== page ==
Longing to extend your vacation time and embrace the good life? Purchasing a vacation home may be just the answer. But before you take the plunge and buy a second home, consider some of these financial and lifestyle factors that may influence the type of property you choose.
Location, location, location
The number one rule of real estate still applies: Regardless of how long you intend to own your second home, the investment potential of the property and the appeal of its location should be a key consideration. “Regions near the coast and in close proximity to major metropolitan areas will likely have the best return on investment,” says Mark Fitzpatrick, CEO of RUHM Destination Marketing, “due to the high demand from high-income earners.”
Though ski resort towns and tropical islands may seem idyllic, Fitzpatrick advises caution when it comes to buying a second home in these locales due to potential volatility. “They’re great for seasonal income and perform well during good financial markets, but they may suffer more during a recession than the homes near major cities.”
Regardless of where you intend to buy, it’s a good idea to work with a real estate professional who’s knowledgeable about the local area and what future development plans or changes may be in store. If your prospective second home is located in an area that might not be accessible in the event of environmental disturbances such as a hurricane, mudslide, or heavy snowfall, consider what onsite maintenance options are available to keep “on call.”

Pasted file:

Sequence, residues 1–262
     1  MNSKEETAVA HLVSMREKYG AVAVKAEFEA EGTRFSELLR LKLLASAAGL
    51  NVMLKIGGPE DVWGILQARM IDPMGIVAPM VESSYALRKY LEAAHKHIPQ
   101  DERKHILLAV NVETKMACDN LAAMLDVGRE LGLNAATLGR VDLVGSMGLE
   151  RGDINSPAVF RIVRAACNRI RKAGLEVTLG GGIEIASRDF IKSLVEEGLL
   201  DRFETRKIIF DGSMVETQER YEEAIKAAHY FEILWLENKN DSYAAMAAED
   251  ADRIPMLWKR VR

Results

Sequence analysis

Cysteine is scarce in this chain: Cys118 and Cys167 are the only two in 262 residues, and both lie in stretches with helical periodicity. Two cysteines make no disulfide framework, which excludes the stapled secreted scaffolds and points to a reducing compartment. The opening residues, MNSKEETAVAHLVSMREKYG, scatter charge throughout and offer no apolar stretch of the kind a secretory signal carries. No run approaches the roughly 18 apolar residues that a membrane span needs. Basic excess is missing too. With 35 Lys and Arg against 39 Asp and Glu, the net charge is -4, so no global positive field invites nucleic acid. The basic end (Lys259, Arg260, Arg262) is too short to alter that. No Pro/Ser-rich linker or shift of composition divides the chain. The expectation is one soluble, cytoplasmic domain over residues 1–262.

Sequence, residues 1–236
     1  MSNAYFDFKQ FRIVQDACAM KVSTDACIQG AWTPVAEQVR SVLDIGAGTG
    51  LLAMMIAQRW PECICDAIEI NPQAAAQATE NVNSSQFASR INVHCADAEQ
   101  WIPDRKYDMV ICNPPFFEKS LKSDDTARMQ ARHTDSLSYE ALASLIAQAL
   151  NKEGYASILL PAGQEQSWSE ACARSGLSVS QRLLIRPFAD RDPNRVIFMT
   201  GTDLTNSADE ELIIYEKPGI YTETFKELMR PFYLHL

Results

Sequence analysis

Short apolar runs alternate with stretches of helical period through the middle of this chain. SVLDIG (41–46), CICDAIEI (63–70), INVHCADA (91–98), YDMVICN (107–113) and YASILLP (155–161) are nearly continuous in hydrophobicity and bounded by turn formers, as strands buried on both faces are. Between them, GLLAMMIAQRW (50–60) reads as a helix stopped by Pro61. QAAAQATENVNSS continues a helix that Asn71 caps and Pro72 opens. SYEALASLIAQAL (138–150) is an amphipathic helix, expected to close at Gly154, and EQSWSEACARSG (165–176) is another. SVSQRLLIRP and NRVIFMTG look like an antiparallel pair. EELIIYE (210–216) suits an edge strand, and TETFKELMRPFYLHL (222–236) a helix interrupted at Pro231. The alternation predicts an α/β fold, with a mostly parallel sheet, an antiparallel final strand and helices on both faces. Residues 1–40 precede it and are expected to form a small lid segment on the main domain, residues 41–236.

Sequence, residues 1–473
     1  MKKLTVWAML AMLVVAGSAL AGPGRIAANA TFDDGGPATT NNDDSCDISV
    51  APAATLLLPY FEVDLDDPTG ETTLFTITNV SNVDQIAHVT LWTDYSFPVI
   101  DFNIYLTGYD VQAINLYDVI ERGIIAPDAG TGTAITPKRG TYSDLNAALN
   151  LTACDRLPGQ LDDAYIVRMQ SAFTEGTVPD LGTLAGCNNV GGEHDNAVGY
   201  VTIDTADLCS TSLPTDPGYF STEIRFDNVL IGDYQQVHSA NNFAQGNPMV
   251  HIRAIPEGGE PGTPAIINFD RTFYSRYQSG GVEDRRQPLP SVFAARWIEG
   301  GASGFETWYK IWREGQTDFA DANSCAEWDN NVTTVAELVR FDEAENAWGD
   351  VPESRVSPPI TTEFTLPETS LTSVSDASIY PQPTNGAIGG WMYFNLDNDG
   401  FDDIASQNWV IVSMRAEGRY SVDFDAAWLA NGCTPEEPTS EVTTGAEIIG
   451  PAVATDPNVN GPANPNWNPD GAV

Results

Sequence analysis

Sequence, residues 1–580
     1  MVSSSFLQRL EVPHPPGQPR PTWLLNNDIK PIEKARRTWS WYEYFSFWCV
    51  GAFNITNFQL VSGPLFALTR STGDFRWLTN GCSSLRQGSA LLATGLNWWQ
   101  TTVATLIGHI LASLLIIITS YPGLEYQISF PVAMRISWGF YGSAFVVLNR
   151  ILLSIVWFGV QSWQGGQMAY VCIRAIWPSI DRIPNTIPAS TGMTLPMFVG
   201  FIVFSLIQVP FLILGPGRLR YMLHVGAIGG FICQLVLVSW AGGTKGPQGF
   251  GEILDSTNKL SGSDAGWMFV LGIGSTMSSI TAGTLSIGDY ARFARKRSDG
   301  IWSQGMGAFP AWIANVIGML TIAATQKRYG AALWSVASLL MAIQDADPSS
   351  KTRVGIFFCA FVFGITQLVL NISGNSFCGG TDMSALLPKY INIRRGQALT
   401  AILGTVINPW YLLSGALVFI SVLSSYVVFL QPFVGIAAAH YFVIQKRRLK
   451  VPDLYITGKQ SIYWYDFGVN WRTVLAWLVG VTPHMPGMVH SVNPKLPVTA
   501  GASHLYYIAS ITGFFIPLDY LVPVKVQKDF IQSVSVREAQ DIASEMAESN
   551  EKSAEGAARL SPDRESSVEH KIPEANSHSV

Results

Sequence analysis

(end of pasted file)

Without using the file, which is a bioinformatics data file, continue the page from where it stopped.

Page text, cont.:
Whether you can rent it out when you’re not there
If you intend to finance your second property or vacation home, consider that loan underwriting standards, mortgage interest rates, down payment obligations, and insurance requirements can be more demanding for vacation homes than for a primary residence. In addition, a second home will present a second set of utility bills and a second set of expenses for general home maintenance and unexpected “emergency” repairs.
If you determine that you need rental income, you may increase your occupancy rate (and, ideally, return on investment) by purchasing a property with features that are appealing to families on vacation (like a pool and/or hot tub, parking, and close proximity to local attractions). Consider using an app* like Walk Score* to provide data around a neighborhood’s “walkability” to grocery stores, coffee shops and other desirable locations.
How you want to spend your time away
If your home needs work and you decide that you want to do it yourself, apps like House Repair Talk* connect you with an online community of DIY enthusiasts who are ready to share their two cents on what it will really take to repair those hardwood floors, fix some drywall, or breathe life into a dated kitchen.
But if DIY isn’t your idea of a vacation, another option is to buy small, and look for properties affiliated with a homeowners association. Though you’ll be required to pay monthly HOA fees, they often cover utilities such as water, trash, sewer, basic repairs to shared exterior spaces (like roof and siding replacements), and landscaping needs, so you can enjoy your vacation home — free of homeowner headaches.
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